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12/29/87 the People of the State of v. Renaldo Hudson

December 29, 1987





526 N.E.2d 164, 171 Ill. App. 3d 1029, 122 Ill. Dec. 24 1987.IL.1925

Appeal from the Circuit Court of Cook County; the Hon. James M. Bailey, Judge, presiding.


JUSTICE HARTMAN delivered the opinion of the court. SCARIANO, P.J., and STAMOS, J., concur.


Defendant, Renaldo Hudson, was tried by a jury on three counts of murder, one count of home invasion, and one count each of armed robbery and aggravated arson, all in relation to the stabbing death of Folke Peterson. The jury was unable to reach a unanimous verdict, and a mistrial was declared over defendant's objection.

Defendant thereafter moved to dismiss the charges against him and to bar a retrial or, in the alternative, to bar a death sentencing hearing were he to be convicted of murder upon retrial, on the ground that either retrial or a death penalty hearing would violate his Federal and State constitutional rights against double jeopardy. The motion was denied.

Notice of an interlocutory appeal pursuant to Supreme Court Rule 604(f) (107 Ill. 2d R. 604(f)) was timely filed on October 15, 1985.

The issues presented for review include whether: (1) instances of prosecutorial conduct during the trial were designed to cause a mistrial; (2) retrial of defendant is barred by the double jeopardy clauses of the Federal and State Constitutions; and (3) those clauses bar a death penalty hearing if defendant is convicted of murder at a second trial.

The evidence at trial revealed that the 71-year-old murder victim had lived on South Kingston Avenue, and defendant lived with his father and aunt at the same address, but in a different apartment. On June 7, 1983, at approximately 7 a.m., defendant reported a fire in the victim's apartment to the fire department, which immediately responded together with police. Inside the smoke-filled apartment police found the victim's sooty and mutilated body lying on a partially burned bed. He had been cut and stabbed about 60 times, which wounds caused his death.

During the investigation, defendant's aunt, Leola Wilson, took Detective Katherine Reardon to her apartment one floor above the victim's apartment. Inside, the aunt revealed a brown plaid bag, a silver tray, a radio, and several other items, which were the victim's property. Defendant's fingerprints were found on the silver tray and radio. The aunt also found defendant's bloodstained jacket behind the sofa bed, rolled up in a brown paper bag. Police asked defendant to accompany them to the police station for questioning. He went voluntarily.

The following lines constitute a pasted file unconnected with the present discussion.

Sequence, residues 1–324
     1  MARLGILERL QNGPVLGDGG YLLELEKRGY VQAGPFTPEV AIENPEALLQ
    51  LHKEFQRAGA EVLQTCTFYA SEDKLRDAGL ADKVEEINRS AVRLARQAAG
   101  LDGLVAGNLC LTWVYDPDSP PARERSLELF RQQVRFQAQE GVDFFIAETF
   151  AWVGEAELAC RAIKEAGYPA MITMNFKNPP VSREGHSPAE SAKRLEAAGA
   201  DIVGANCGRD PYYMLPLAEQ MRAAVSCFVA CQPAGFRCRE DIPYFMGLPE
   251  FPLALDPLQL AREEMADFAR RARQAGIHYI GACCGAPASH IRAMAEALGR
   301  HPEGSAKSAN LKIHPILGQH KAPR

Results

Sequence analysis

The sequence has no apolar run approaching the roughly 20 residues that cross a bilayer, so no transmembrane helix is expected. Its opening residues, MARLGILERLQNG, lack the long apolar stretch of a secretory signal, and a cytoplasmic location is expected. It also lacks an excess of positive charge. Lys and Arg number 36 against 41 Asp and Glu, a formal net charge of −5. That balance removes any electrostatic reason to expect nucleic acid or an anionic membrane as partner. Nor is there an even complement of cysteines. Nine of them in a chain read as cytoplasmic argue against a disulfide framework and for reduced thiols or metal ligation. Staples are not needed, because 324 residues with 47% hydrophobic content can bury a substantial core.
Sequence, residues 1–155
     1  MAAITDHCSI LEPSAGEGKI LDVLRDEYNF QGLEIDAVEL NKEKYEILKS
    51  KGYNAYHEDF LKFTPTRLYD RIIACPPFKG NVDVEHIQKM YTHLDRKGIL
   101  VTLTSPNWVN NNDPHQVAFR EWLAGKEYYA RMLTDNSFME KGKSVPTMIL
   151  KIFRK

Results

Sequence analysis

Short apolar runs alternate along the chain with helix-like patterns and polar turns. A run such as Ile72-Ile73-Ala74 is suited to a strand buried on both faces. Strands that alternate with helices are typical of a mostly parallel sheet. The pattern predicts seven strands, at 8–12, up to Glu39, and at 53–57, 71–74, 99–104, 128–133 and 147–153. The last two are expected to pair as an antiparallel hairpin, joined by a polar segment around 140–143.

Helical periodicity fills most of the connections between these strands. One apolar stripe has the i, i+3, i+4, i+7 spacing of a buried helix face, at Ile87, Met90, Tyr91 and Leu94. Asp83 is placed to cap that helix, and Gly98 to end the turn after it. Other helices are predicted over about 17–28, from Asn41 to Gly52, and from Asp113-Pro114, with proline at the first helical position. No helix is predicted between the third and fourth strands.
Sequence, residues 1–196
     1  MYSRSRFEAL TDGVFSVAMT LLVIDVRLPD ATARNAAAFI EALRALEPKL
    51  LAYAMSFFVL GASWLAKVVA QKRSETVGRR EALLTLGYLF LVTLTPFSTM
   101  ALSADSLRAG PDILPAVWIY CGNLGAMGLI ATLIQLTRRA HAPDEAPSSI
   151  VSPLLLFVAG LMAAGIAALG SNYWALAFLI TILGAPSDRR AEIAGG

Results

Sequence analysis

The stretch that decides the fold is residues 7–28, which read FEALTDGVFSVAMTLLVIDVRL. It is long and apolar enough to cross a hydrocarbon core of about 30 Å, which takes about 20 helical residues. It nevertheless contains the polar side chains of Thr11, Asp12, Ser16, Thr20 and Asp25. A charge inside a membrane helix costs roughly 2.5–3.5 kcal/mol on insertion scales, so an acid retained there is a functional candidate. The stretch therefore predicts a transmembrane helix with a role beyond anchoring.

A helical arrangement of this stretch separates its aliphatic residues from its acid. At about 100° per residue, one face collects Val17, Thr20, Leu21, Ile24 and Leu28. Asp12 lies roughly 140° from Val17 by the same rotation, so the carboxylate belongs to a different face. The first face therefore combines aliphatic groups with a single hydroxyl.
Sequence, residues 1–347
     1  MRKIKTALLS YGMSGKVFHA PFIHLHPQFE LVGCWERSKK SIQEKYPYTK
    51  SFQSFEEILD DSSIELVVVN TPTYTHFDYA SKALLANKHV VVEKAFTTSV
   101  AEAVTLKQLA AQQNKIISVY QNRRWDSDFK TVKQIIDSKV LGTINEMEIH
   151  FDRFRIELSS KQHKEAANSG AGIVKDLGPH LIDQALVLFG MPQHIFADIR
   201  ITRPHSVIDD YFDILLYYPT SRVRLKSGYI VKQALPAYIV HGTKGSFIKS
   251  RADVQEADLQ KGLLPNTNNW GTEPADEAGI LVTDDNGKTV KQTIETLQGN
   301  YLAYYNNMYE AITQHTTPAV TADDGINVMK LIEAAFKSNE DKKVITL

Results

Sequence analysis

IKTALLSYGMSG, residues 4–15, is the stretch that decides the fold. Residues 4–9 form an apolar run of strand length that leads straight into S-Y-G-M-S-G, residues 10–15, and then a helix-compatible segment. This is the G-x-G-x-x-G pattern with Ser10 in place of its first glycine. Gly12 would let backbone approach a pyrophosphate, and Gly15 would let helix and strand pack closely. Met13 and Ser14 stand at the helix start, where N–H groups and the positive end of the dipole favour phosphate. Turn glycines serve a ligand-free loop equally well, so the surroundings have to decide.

At the police station, defendant was read and waived his Miranda rights. He told police that he and his aunt smelled smoke coming from the victim's apartment. He pounded on the victim's door and, when no one answered, he called the fire department. Confronted with the brown plaid bag and the other items, defendant told police that he had bought them from some people and they belonged to him. When told that they belonged to the victim and of his aunt's involvement, defendant confessed.

He told the officers that he often helped his father do janitorial work in that building. On June 6, 1983, he planned to tie up and rob the victim, obtained a rope, knocked on the door at about 7 p.m., and was allowed to enter to fix a light bulb. He grabbed the victim by the neck in a choke hold. The victim had a knife and cut defendant's pinky finger. Defendant took away the knife, stabbed the victim in the stomach, neck and shoulder. The victim laid down on a bed. Defendant asked him for money and was given four blood-soaked bills. Defendant washed off the blood and asked for more. The victim told him that he had more money in a gold jewelry box on his dresser. Defendant searched for it unsuccessfully for three hours, and then sat next to the victim, watched TV and waited for him to die, which eventuated a little after 3:30 a.m.

Defendant, deciding to make the whole thing look like a burglary, ransacked the apartment and scattered papers and pillow foam all over. He took the victim's brown plaid bag, filled it with several items, left at about 5 a.m. to see his father off to work, returned to the victim's apartment, set it on fire and returned upstairs. His aunt smelled smoke and, after it persisted, he knocked on the victim's door and later called the fire department.

During the time defendant gave his statement he was not handcuffed and acted normally. Thereafter, an assistant State's Attorney went to the police station and took his oral statement, later reduced to writing. After speaking with his aunt for about 10 minutes, defendant gave a court-reported statement and was formally arrested.

Defendant presented the affirmative defense of insanity in his case in chief through the testimony of five lay witnesses: defendant's father, Willie Hudson; his brother, Glenn Hudson; his aunts, Willa Hudson and Leola Wilson; and assistant public defender John McNamara. The first four witnesses set forth evidence of defendant's childhood and adolescence and his mental condition near the time of the offense. Defendant was frequently depressed and withdrawn, preferring to stay by himself rather than play with other children, although at other times he seemed hyperactive. After being shot at age 15 by a brother, defendant suffered from headaches and insomnia and appeared ...

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